Long-legged dogs are hard to miss in a crowded area and tend to always appear calm and collected. There are advantages and disadvantages to owning a tall dog, so you should consider your lifestyle and get one with a temperament that is compatible with you and your family. The following list will introduce you to some of the tallest dogs that can become great companions for the right person.
1. Scottish Deerhound
One of the tallest breeds, Scottish Deerhounds can reach 32 inches tall. In the past, their long legs were instrumental in assisting them at stalking giant wild deer. They are a gentle dog with polite manners and become loyal companions with plenty of human interaction and training.
They are good family pets with older children and need to be involved in activities to stay happy. Though their wiry coat tends to be unruly, weekly brushing with an occasional bath does well to keep them looking neat and to combat their seasonal shedding.
Fun fact: The breed almost became extinct due to restrictions on breeding and exclusive ownership.
The Akbash is considered to be an ancient pure breed. They have an independent attitude that makes them difficult to train. Since they have been guard dogs in the past, they have the tendency to bark incessantly since they are prone to suspicion and want to raise the alarm. Most will range in height from 28 to 34 inches, and they have a white/cream colored coat that is longer on the legs and tail.
They don’t need a large amount of exercise, since they were bred to sit on a hillside throughout the day to guard the flock, but they do need to stay in shape. Naturally, they can become quite protective of their family.
Fun fact: They come from Turkey and have been around since about 750 to 300 B.C.
3. Afghan Hound
Afghan Hounds are a long-legged dog with a long, silky coat. They usually stand around 27 inches and weigh between 50 to 60 pounds. When you see an Afghan, you’ll notice how regal they look, since they carry themselves so proudly. They can also be a bit aloof, especially around people they don’t know.
This is a high-maintenance dog because they are challenging to train and their coat requires constant grooming and weekly baths to prevent it from matting. They also need plenty of exercise to keep boredom at bay and are apt to chasing neighborhood pets if not properly trained. On the positive side, they can be loyal and affectionate when they form a bond.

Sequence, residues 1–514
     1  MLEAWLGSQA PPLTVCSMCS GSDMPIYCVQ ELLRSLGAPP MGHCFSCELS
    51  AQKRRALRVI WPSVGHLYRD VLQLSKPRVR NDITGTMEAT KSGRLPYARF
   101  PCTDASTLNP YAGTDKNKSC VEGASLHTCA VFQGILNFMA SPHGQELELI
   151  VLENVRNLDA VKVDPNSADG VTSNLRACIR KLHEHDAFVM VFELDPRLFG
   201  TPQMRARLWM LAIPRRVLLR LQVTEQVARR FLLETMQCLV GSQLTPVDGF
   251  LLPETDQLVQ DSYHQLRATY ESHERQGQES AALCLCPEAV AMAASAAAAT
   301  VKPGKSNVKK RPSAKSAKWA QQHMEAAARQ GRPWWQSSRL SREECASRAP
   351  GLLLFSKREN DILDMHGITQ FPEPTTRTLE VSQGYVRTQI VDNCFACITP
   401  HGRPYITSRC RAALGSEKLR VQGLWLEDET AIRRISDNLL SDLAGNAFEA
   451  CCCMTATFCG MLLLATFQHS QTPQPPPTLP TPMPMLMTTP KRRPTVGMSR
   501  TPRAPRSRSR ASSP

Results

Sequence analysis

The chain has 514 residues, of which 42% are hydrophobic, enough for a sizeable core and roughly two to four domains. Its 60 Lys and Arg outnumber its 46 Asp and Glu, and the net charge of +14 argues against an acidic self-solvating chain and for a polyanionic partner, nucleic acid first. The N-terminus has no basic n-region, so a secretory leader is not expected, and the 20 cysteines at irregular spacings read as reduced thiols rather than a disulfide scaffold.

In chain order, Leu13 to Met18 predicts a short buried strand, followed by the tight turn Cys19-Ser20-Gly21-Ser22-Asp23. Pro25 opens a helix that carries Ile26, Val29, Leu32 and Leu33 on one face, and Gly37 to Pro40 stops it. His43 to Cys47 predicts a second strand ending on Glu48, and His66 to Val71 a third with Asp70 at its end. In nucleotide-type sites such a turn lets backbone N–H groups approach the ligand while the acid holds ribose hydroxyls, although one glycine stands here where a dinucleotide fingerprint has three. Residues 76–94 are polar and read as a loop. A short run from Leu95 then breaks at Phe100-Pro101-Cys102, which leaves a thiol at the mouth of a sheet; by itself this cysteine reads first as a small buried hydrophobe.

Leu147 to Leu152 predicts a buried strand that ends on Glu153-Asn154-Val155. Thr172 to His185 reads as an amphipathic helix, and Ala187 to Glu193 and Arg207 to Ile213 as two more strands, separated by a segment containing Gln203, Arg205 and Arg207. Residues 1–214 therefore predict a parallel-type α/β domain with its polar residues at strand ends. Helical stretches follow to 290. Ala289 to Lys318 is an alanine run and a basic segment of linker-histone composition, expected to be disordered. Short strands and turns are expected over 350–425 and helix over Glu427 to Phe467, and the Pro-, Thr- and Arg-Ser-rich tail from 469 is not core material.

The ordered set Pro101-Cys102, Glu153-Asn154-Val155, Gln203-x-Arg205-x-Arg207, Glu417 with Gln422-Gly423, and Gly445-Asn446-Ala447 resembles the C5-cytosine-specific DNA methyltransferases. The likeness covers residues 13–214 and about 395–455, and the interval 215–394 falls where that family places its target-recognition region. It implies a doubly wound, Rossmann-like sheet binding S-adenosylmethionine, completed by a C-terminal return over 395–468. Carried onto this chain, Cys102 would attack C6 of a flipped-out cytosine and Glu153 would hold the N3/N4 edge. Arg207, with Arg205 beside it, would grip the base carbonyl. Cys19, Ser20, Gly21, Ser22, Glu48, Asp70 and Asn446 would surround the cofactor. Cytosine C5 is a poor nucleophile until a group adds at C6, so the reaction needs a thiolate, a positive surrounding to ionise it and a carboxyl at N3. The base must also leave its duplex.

Fun fact: Picasso owned an Afghan Hound named Kabul.
4. Irish Wolfhound
Even though these dogs were once fierce wolf hunters, they are now considered serene and make ideal companions. They stand almost three feet at the shoulder and can weigh up to 180 pounds, so this dog will need extra space to run and play. A strong instinct to hunt will always remain at their core, but if you provide mental and physical stimulation, the Wolfhound will thrive.
Since they are gentle and calm, many have done well as service dogs, and they enjoy other sports like tracking and agility. Irish Wolfhounds are fast learners and very intelligent, and they crave company and enjoy activities that involve the whole family.
Fun fact: They were known for their hunting abilities in pursuing the wolf and the gigantic Irish elk.
5. Great Dane
Not only do they have long legs, but they also have a large body. The Great Dane will range in height from 28 to 32 inches and can weigh up to 175 pounds. Anyone who has been around a Great Dane knows that even though they are imposing in size, they are gentle and have a big heart.
They are patient and do well with children and being part of the family. They have short hair that sheds seasonally, and they only need the occasional bath and brush to maintain their sleek coat. Daily exercise is important for them to maintain a healthy weight, and they enjoy agility and obedience events.
Fun fact: The cartoon character Scooby-Doo was made a Great Dane because this breed was once thought to ward away ghosts and evil spirits.
This elegant-looking dog exudes grace and glamour even when running at a speed of 40 miles per hour. Their long legs allow them to cover great distances in a short amount of time. Underneath their shaggy coat, they have the appearance of a Greyhound.
The Borzoi makes a good family dog but doesn’t like to roughhouse, preferring to go on long walks or jogs beside their owners. Agility and lure coursing are great activities for these dogs. Their long coats require brushing three to four times per week to keep from becoming a tangled mess.
Fun fact: They originated in 17th-century Russia and were bred by the Russian aristocracy for hundreds of years.
Long-legged dog breeds were bred with a purpose in mind, usually as hunting or guard dogs. Some will thrive within a city, as long as they interact with their family and receive plenty of exercise. Others will do better where they have plenty of freedom to run and explore. Either way, long-legged dogs can be ideal pets for many dog lovers.
Emily started this blog out of pure passion. She LOVES her 3 dogs; Chew Barka, Cooper & Nelson, and spends countless hours every day playing with them.
When she’s not nerding out on dogs, you’ll find her on a snowboard or in the kitchen baking chocolate brownies.
She’s been featured in PetAware, Dogtime, and ModernDog.